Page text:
Villagers say the move is illegal but Hart is not budging and is preparing to fight its case at a three-day public inquiry.

For more than six years people living near the common have fought Hart and English Nature’s plans to fell most of Odiham Wood, put up fencing and introduce grazing.

Landowner Hart has fenced the north-eastern section of the woodland and chopped down dozens of oaks since a government planning inspector backed the scheme in a public inquiry four years ago.

Leading campaigner Elynor Gilbert said she could not believe Hart was pushing ahead with the latest scheme.

“How many Hart District Council ratepayers are aware of the enormous sums it has wilfully spent over the last four and a half years on a crazy plan to ‘manage’ the north-east sector of Odiham Common? ‘Hart Broke’ the council has claimed, but its financial accountability has been challenged in its recent audit.

“Grants from Hampshire County Council and the Countryside Agency have enabled it to destroy a valuable and beautiful woodland. Visitors have abandoned it. The area, bluntly, is a disaster — it is there for all to see.”

Mrs Gilbert said she was astounded Hart was now applying for permission to permanently fence the whole common and was pushing ahead with a second costly public inquiry at North Warnborough Village Hall on February 25, 26 and 27.

“This is presumably because the council actually believes that the permission to fence half the common granted in 1998 has been a huge success in woodland management.

“Their arrogance knows no bounds, unless they have been misled by English Nature into believing that the purpose of the fencing is purely to restrain a handful of grazing cows during summer months.”

Mrs Gilbert added: “It is the wilful attempt by Hart to mislead us about the true cost of this ‘experiment’ that is so disgraceful.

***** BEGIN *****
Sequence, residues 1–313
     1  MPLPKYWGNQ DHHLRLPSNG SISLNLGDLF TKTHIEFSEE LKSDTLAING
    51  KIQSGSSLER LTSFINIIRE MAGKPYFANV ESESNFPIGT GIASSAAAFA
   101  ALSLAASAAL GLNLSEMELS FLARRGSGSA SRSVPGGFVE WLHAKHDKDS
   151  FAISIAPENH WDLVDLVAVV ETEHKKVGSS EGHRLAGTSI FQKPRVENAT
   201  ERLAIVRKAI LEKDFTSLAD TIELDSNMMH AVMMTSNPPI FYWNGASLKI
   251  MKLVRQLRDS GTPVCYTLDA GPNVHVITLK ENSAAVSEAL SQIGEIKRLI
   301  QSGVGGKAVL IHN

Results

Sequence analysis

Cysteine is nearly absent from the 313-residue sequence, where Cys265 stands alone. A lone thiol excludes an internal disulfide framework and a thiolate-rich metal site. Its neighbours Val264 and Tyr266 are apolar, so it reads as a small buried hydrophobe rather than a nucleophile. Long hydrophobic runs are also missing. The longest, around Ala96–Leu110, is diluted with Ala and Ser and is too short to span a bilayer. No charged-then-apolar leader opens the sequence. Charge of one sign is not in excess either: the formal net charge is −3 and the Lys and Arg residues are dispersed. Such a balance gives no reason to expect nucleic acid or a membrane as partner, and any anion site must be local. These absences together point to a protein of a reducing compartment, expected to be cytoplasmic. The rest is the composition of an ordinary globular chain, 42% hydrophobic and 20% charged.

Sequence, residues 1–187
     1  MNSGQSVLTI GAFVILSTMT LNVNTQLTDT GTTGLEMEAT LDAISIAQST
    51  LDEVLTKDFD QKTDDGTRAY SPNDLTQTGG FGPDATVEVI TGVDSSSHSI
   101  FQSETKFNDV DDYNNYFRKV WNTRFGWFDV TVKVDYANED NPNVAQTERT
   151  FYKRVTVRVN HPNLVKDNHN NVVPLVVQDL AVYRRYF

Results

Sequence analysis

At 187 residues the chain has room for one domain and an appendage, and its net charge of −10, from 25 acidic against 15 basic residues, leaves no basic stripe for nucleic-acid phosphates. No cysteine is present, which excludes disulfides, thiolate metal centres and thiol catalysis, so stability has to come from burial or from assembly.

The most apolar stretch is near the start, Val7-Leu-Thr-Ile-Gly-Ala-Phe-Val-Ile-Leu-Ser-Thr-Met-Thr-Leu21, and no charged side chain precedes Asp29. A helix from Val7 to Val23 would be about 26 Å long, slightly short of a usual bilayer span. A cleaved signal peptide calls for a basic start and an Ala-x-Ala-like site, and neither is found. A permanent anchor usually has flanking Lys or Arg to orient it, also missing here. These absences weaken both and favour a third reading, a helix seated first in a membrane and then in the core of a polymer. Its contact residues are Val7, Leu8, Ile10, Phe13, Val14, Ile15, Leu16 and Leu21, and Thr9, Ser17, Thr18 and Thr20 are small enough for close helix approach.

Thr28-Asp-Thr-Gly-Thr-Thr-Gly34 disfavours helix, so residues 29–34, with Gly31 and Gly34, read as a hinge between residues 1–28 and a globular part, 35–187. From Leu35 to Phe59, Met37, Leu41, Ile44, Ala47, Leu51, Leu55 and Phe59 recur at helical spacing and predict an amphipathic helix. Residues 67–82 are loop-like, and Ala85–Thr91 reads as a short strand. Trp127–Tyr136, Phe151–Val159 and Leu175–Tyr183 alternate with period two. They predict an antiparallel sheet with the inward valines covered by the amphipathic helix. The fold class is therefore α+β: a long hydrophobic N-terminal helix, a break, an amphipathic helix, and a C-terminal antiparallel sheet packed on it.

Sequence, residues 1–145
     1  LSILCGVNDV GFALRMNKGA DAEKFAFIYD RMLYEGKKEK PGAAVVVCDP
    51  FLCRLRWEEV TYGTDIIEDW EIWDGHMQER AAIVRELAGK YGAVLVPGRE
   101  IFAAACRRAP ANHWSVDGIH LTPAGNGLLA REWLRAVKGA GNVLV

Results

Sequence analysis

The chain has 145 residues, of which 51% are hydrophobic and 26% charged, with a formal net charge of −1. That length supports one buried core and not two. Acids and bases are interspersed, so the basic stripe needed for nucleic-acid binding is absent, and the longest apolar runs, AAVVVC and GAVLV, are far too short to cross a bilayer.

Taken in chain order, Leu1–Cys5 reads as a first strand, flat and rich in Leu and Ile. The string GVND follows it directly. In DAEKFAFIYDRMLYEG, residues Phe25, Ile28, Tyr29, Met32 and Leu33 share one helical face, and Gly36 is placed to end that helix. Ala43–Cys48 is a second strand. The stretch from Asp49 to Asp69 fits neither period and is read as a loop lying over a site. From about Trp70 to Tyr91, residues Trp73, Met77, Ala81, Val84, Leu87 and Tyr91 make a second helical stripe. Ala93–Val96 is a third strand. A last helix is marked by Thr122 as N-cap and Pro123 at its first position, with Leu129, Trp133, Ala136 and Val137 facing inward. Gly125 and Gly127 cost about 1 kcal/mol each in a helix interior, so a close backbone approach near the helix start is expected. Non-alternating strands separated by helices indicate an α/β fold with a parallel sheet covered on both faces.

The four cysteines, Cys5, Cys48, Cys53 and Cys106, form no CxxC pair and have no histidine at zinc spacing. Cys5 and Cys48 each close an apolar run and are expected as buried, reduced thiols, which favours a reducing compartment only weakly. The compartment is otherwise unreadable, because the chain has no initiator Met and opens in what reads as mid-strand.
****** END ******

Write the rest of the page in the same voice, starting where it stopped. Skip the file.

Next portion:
“The new plan includes six more cattle grids at a cost of £150,000 to the taxpayer. Hart wants us to continue to pay for a plan that has already gone seriously wrong, but why?

“The council’s offence lies in its unprofessionalism, its lack of probity and in the conduct of its councillors who recently voted to apply to permanently fence the whole common without the consent of Odiham’s own parish council.

“The final absurdity is that DEFRA has now advised Hart that the law under which the first part of the common was fenced should not be used in this case.

“To fence therefore would be unlawful yet Hart has decided, against all logic, to ignore government advice.

“We are to have yet another costly public inquiry in the full knowledge that fencing cannot be permitted under the law in question.”

Mrs Gilbert said a more valid legislation stands in the way of Hart’s plan — the Scheme of Regulation, Odiham Common’s own list of rules which is based on the 1899 Commons Act.

“The scheme forbids the use of fencing for cattle,” said Mrs Gilbert.

“It specifically states ‘the council shall do nothing that may otherwise vary or alter the natural features or aspects of the commons or interfere with free access to any part thereof’.

“Unsurprisingly we have been told by DEFRA that this is a ‘subsidiary issue’ for the purposes of the inquiry so Hart has sworn to amend it at even more cost.

“The council is not only profligate and incompetent but overwhelmingly arrogant.”

l The issue has also forced Odiham Parish Council to issue the following urgent message:

“Due to the number of complaints about the way Hart District Council (HDC) are managing Odiham Common, the parish council engaged an expert consultant to assess the HDC management plan for the common and the way in which it has been carried out to date.

“The consultant’s report is available for reading in the Odiham Library. Following a public meeting on the subject, he has prepared an alternative management plan which does not require the permanent fencing of the whole common, which is what HDC is now seeking to do via a public inquiry.

“His alternative manage-ment plan should also be available in the library within the next few days.”